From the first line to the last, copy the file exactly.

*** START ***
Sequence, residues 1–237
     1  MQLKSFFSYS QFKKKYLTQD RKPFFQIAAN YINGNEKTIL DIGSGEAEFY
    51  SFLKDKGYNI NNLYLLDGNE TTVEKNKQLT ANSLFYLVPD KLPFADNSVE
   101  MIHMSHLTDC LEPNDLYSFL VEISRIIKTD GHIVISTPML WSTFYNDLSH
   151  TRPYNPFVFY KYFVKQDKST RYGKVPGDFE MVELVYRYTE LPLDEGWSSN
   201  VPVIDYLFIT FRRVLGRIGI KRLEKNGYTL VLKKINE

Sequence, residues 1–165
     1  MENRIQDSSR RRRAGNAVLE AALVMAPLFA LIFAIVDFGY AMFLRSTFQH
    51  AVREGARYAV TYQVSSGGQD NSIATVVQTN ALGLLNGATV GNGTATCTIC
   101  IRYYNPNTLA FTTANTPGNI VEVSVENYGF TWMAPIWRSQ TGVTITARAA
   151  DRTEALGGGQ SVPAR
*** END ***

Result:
Sequence, residues 1–237
     1  MQLKSFFSYS QFKKKYLTQD RKPFFQIAAN YINGNEKTIL DIGSGEAEFY
    51  SFLKDKGYNI NNLYLLDGNE TTVEKNKQLT ANSLFYLVPD KLPFADNSVE
   101  MIHMSHLTDC LEPNDLYSFL VEISRIIKTD GHIVISTPML WSTFYNDLSH
   151  TRPYNPFVFY KYFVKQDKST RYGKVPGDFE MVELVYRYTE LPLDEGWSSN
   201  VPVIDYLFIT FRRVLGRIGI KRLEKNGYTL VLKKINE

Sequence, residues 1–165
     1  MENRIQDSSR RRRAGNAVLE AALVMAPLFA LIFAIVDFGY AMFLRSTFQH
    51  AVREGARYAV TYQVSSGGQD NSIATVVQTN ALGLLNGATV GNGTATCTIC
   101  IRYYNPNTLA FTTANTPGNI VEVSVENYGF TWMAPIWRSQ TGVTITARAA
   151  DRTEALGGGQ SVPAR